Do We Really Need So Many Satellites? US Agency Admits Underutilizing Resources

While the international debate about space debris mitigation is getting ever more intense, one might wonder whether all the cubesats, constellations, or communication satellites newly launched or planned are really needed. Are all the existing capacities necessary and fully utilized? New concerns might arise after the revelations, made by the U.S. Defense Information Systems Agency (DISA) representative Cindy Moran at the Global Milsatcom Conference on November 28, were reported by Space News.

Syncom – the world’s first geosynchronous telecommunications satellite was launched in 1963, almost five decades later more than 180 similar active satellites are circling the equator (Credits:Boeing).

According to Moran, out of the $ 1 billion commercial satellite capacity purchased by the U.S. Government every year, only 3-5 % on average is used on a daily basis. “It’s like buying a Smartphone, with a contract, and then never turning it on!” said Moran, the director of network services at DISA. Especially the American tax payers probably won’t be particularly happy upon hearing such news.

While the unpredictable nature of military usage of satellite telecommunication services is definitely one part of the problem, additional responsibility for the incredible waste of satellite bandwidth lies on nothing else but poor management. “I don’t get to reallocate across the spectrum if the customer that is ostensibly using it is not using it,” Moran said. “I am buying at the commercial tariff rate.”

The U.S. Government, and the Department of Defense in particular, is the world’s largest customer for short-term leases of commercial satellite capacity. As Moran explains, various governmental users don’t coordinate with each other when it comes to sharing the purchased satellite bandwidth capacity. Moran fears that such inefficiency, together with other blunders, might affect the future willingness of the U.S. Congress to increase funding. “Having satellites in orbit and ready to operate well before the associated ground infrastructure is ready does not give us a whole lot of credibility when we go back to them to ask for additional funding for satellite capacity,” she said.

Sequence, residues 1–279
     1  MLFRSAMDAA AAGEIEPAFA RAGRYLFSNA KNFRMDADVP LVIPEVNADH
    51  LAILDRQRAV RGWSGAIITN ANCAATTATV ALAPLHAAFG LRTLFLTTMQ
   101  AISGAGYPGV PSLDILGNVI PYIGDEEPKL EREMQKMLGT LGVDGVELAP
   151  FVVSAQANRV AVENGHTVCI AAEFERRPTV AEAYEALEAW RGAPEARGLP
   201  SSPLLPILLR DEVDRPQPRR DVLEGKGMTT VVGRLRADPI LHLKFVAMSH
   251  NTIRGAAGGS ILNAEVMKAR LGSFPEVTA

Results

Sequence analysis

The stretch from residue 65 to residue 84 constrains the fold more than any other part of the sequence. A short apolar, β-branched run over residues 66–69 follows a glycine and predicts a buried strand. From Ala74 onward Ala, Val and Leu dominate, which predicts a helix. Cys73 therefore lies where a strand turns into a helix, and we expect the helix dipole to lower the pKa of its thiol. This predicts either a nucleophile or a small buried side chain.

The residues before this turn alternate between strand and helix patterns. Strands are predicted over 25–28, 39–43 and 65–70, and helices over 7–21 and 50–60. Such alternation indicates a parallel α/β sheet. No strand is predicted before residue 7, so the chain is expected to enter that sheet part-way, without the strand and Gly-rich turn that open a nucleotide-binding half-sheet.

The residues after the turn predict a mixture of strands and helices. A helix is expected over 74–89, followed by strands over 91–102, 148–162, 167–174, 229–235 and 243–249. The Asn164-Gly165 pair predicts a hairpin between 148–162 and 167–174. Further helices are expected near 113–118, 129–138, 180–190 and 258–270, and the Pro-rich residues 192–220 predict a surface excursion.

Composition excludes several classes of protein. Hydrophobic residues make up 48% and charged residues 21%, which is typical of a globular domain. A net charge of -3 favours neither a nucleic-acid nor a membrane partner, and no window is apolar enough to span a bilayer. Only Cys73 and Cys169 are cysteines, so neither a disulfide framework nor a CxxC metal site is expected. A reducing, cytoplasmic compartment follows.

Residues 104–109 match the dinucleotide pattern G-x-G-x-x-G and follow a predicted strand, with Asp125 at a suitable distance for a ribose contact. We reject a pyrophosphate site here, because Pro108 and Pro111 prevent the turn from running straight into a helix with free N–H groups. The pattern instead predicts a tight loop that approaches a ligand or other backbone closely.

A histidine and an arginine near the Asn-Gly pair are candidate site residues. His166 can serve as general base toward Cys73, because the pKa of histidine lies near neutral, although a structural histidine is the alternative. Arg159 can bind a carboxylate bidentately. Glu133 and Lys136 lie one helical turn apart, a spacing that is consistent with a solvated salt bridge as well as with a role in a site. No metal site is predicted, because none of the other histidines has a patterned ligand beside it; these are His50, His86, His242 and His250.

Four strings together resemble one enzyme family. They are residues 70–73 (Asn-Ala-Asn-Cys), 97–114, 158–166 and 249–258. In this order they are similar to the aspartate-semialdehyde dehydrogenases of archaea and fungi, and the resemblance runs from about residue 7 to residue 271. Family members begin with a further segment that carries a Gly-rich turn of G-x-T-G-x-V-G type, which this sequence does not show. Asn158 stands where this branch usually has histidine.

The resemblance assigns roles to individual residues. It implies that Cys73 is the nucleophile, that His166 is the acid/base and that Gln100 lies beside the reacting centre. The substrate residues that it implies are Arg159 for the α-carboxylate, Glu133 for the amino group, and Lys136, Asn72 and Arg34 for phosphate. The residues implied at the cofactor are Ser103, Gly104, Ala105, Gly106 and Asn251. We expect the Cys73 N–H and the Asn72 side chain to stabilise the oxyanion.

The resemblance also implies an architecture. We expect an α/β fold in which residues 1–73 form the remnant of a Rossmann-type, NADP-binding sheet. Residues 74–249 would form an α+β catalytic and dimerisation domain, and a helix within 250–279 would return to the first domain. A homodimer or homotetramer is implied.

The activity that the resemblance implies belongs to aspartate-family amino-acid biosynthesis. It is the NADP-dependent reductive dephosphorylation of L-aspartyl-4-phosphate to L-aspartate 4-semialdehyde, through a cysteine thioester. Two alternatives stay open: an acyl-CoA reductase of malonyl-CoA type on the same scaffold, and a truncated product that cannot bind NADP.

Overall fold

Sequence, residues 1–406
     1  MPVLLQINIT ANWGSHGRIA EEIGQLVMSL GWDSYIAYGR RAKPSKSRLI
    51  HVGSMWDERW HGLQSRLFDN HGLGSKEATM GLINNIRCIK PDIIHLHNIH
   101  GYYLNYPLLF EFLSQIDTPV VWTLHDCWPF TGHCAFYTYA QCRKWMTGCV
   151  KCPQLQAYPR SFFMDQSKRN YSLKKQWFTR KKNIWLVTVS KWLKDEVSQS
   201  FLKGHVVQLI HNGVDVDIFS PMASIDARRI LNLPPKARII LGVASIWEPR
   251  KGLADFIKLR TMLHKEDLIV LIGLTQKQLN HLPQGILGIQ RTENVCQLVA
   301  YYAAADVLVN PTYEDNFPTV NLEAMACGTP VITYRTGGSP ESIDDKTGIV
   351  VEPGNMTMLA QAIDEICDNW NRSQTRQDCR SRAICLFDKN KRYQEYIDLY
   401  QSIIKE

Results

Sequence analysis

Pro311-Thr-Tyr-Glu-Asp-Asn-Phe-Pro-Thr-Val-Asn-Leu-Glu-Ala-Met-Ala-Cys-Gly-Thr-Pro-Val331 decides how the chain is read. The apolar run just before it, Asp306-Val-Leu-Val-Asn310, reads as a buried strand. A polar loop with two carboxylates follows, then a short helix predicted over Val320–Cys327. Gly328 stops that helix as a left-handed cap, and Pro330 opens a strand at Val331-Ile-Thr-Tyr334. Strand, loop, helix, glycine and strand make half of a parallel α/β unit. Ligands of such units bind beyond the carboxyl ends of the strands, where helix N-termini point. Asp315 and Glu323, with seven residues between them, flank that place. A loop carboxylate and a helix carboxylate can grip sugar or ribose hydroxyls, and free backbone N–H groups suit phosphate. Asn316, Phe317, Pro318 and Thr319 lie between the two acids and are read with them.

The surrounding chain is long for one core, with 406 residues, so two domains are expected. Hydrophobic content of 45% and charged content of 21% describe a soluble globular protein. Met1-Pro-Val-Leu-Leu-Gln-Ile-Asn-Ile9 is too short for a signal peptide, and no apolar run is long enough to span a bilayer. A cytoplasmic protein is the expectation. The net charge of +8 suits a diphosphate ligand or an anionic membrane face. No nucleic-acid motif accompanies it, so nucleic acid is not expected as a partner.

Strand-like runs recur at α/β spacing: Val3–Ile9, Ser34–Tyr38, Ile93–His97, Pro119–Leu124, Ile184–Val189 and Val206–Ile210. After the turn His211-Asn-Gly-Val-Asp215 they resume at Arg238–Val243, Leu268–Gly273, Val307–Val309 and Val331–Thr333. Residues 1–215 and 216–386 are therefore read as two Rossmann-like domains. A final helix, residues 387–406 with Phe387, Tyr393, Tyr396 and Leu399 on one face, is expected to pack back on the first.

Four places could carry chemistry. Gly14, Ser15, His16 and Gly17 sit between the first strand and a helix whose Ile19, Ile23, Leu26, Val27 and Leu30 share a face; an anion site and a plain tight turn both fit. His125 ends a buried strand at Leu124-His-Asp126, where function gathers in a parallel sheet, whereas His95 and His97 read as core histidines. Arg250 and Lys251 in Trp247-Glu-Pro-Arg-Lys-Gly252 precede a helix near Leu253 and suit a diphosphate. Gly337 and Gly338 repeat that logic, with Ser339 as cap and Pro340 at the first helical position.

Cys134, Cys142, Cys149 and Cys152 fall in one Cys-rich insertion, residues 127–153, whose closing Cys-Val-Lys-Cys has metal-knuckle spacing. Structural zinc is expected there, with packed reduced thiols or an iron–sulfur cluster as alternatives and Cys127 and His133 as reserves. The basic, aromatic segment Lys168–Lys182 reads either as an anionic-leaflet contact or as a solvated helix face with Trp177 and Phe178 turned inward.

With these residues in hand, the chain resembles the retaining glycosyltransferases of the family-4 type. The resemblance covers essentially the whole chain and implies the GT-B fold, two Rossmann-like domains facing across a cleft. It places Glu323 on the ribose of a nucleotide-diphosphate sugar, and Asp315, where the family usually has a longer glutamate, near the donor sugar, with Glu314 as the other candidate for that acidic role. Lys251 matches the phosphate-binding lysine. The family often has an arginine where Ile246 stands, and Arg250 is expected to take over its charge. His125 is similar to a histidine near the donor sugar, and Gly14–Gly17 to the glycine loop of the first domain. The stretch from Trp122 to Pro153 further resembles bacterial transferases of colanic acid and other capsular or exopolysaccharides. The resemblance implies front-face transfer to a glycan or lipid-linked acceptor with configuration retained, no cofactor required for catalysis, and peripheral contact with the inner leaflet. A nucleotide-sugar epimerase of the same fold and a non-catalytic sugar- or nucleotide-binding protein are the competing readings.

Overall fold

The Department of Defense of the US Government is the biggest customer in the field of leased satellite communications services (Credits: USAF Research Laboratory).

Moran believes that changes proposed recently by DISA regarding the procedures for satellite capacity purchases might help tackle the problem. The new procurement tool, called the Future Commercial Satellite Communications Services Acquisition (FCSA), opens the system to new players allowing greater competition and quicker access to emerging technologies. The main drawback of the new arrangement is increased length of contract negotiating and making satellite capacity available. Also the move to the Internet Protocol planned by DISA is expected to improve the situation.

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